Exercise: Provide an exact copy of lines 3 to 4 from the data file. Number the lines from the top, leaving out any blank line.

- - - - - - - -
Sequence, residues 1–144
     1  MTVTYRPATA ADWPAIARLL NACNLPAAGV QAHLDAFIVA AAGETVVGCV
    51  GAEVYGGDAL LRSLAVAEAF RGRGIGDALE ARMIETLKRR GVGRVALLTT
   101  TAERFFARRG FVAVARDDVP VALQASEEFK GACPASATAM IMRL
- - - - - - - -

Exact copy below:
    51  GAEVYGGDAL LRSLAVAEAF RGRGIGDALE ARMIETLKRR GVGRVALLTT
   101  TAERFFARRG FVAVARDDVP VALQASEEFK GACPASATAM IMRL